What’s the Max Number of Medical Experts in a Case?
Many cases such as personal injury, toxic tort, or medical malpractice lawsuits require expert testimony to proceed. Experts from both sides are necessary to establish or refute negligence, causation, damages, and other specific factors relating to the matter. Many cases become a battle of the experts and turn on the experts’ respective credibility and persuasiveness. But how many experts are too many? If your opponent has one medical expert on the issue of damages and you have four, is that permitted? Is that effective? Read on for an exploration of how many medical experts are appropriate for a given lawsuit, and call a qualified medical expert for assistance with a case.
Federal Cases: Cumulative Evidence
Under the Federal Rules of Evidence, there is no explicit limitation on the number of experts any given party can retain to offer testimony. A party could, theoretically, have ten different expert opinions all proving the same thing. However, there are practical reasons why having too many experts is not a good litigation tactic, and multiple opinions on the same topic may be excluded as “cumulative” under Rule 403.
It may take multiple different experts to prove breach, causation, and damages. For example, in a medical malpractice case, you might need one expert to prove that a given surgical procedure was an improper treatment for the case, another expert to discuss how the performance of that procedure caused plaintiff’s injuries, and a separate expert to discuss the likely future harm the plaintiff will suffer as a result of those specific injuries. A given expert may be able to offer opinions on several of these elements, but it would also be understandable to have different experts with different specialties focusing on these issues.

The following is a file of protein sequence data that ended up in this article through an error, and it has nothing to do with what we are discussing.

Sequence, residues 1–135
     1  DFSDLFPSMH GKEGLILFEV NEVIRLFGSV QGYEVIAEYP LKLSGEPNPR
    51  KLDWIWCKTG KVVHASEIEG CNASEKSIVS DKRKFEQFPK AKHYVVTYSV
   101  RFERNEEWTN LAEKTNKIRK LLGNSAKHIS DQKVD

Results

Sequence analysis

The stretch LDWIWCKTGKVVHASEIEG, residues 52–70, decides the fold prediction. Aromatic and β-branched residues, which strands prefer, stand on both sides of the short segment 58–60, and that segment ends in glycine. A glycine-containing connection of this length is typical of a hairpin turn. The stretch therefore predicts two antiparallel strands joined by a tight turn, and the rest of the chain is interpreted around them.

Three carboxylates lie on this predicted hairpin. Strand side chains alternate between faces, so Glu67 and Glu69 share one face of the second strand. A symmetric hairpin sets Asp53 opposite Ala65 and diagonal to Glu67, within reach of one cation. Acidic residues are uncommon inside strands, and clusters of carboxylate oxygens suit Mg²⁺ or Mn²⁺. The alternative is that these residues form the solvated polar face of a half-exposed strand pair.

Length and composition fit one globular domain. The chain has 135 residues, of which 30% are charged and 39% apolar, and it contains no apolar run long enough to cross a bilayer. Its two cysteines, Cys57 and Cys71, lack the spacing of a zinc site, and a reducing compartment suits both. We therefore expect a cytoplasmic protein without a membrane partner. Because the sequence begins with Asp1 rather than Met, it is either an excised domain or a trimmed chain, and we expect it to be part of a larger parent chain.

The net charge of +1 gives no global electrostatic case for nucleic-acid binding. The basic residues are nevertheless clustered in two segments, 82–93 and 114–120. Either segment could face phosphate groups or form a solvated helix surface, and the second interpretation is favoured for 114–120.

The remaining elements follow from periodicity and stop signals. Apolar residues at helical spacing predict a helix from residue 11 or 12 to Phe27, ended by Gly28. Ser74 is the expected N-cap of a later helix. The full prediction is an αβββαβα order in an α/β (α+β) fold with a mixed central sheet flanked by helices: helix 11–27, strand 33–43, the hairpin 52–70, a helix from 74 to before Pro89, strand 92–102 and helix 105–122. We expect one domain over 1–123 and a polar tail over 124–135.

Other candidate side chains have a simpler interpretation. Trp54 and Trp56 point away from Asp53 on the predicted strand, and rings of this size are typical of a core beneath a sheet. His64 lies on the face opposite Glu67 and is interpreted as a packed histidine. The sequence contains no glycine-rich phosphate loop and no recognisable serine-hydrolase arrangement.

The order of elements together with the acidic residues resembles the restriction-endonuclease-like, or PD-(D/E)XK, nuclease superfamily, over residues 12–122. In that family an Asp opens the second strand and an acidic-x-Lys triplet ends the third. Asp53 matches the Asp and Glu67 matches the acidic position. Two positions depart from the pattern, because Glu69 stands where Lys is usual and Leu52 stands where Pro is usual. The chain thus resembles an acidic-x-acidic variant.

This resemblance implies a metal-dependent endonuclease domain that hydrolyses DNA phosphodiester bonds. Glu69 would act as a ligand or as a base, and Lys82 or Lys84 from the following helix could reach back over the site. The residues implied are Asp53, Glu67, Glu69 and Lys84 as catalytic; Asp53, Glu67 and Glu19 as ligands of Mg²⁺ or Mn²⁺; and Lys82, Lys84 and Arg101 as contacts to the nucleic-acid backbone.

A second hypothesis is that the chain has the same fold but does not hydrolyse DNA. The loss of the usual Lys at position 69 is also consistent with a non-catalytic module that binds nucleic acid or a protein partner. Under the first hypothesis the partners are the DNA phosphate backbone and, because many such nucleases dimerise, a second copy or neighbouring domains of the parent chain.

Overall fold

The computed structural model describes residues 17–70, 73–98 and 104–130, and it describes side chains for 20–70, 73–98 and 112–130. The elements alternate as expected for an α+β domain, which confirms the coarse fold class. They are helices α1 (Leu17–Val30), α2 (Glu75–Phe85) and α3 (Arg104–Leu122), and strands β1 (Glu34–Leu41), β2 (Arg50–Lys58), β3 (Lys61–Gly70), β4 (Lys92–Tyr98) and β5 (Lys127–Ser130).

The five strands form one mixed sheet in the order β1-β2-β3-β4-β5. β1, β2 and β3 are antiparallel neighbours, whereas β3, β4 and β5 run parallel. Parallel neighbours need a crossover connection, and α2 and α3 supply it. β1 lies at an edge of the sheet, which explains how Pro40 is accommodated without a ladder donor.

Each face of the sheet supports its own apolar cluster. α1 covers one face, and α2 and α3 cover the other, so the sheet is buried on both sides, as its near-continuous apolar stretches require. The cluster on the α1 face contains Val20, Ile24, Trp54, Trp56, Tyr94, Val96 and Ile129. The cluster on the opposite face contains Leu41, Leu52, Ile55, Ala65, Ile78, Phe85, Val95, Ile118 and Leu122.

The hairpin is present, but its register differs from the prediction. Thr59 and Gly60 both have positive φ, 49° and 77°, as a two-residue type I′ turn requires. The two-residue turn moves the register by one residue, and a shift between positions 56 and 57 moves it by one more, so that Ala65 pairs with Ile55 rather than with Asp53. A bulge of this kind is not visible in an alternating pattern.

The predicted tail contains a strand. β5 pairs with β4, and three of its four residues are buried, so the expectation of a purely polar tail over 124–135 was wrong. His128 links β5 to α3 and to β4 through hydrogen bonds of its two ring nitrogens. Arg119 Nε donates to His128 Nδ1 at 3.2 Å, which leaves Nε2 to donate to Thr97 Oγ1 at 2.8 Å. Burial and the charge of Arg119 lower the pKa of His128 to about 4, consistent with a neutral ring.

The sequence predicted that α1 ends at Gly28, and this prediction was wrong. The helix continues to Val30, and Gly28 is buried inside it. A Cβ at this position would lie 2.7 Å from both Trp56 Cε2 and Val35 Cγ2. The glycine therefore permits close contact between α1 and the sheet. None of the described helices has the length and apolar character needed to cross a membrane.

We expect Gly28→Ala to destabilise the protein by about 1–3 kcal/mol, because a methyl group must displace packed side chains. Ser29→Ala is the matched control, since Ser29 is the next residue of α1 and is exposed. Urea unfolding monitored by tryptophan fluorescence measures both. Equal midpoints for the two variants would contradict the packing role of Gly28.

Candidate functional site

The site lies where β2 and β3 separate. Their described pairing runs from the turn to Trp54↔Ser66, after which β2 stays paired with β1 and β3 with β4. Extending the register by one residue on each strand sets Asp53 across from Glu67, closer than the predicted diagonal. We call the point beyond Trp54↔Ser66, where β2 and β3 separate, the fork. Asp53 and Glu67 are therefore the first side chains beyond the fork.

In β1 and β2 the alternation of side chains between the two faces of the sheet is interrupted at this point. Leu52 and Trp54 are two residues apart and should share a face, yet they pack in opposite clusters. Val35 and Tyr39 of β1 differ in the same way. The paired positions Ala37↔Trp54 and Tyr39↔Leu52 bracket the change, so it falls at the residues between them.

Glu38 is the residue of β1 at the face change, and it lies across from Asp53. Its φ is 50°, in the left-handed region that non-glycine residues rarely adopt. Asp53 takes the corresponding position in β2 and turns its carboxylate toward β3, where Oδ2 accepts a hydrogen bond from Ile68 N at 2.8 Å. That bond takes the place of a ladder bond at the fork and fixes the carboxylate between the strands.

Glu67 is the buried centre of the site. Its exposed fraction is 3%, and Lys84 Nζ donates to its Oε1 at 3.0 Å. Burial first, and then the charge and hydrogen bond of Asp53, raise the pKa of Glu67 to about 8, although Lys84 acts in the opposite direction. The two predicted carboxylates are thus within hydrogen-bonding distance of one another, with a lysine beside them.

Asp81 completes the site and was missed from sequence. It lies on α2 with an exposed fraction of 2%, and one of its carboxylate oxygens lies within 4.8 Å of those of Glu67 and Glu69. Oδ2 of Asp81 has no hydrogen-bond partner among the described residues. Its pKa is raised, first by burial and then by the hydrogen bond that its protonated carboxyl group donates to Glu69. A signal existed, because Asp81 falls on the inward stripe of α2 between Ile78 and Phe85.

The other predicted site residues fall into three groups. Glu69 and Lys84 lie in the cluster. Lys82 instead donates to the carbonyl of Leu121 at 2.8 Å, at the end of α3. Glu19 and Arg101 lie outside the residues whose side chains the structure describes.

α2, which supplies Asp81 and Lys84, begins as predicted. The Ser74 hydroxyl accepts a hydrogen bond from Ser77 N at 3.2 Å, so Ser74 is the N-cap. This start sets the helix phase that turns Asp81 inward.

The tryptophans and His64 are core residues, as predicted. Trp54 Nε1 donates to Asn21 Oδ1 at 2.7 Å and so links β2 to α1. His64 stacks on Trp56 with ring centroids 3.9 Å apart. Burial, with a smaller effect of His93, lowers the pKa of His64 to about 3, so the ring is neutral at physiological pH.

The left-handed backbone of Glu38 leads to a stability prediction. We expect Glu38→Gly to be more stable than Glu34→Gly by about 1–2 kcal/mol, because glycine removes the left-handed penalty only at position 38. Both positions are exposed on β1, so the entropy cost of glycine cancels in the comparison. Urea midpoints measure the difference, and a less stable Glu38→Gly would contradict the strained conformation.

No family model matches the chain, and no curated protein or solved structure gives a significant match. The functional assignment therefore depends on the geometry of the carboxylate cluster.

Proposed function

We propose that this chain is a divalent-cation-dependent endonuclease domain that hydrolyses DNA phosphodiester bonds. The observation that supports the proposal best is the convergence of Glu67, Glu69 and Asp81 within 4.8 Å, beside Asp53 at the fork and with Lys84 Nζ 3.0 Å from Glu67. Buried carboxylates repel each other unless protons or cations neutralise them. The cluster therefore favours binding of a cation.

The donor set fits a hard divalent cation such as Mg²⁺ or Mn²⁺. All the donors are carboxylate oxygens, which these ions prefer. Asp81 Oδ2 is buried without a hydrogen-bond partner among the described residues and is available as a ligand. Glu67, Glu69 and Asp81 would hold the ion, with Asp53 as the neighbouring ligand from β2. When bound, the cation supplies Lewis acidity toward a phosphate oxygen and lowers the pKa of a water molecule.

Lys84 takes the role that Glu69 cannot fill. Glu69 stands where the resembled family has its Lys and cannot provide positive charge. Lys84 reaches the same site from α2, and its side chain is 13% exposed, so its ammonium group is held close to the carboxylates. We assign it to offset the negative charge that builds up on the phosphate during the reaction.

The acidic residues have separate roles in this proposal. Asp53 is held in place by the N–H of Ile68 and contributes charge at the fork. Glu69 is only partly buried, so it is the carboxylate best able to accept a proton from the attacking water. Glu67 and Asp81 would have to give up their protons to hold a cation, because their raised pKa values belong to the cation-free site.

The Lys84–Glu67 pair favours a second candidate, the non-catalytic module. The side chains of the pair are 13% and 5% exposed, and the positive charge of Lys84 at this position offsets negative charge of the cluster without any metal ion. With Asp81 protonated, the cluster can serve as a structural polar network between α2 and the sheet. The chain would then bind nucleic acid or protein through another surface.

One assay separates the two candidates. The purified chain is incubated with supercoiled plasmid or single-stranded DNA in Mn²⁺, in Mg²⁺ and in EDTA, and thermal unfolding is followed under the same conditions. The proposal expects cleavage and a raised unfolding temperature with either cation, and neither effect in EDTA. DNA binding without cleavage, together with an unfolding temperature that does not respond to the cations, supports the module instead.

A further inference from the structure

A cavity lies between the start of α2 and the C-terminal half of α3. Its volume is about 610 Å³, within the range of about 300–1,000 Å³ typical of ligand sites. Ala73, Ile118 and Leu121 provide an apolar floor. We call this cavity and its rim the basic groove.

The limitation on the number of experts applies more to multiple experts testifying about the same topic. It may seem helpful to have multiple qualified experts all testifying that a given medical procedure was improper, to simply overwhelm the defense argument by showing the jury that your five experts outweigh the opinion of the defense’s single expert. While it is possible to have multiple expert opinions all pointing out that that one surgical procedure should not have been performed, for example, a court would likely rule that multiple experts offering opinions on the same topic would be “cumulative” of one another–they would be reinforcing the same exact point rather than offering additional information to help the jury understand the case. Moreover, the court may find that such opinions have more potential to mislead the jury than offer additional information. The number of experts on each side should not be a factor in a jury’s decision. Typically, a party should have a limited number of experts for each point that needs proving.
State Evidence Codes
State law may apply more specific restrictions on the number of experts a party may employ. For example, Michigan Statute § 600.2164(2) limits each side to three experts testifying about “the same issue in any given case,” unless the court explicitly grants permission for additional experts. Before you retain ten experts to support your case, make sure you know the evidence code and case law interpretations that apply.
If you need a qualified, persuasive, and experienced expert witness in a personal injury, medical malpractice, or product liability case, contact the offices of Neurosurgery Medlegal Services, LLC, at 866-659-8051.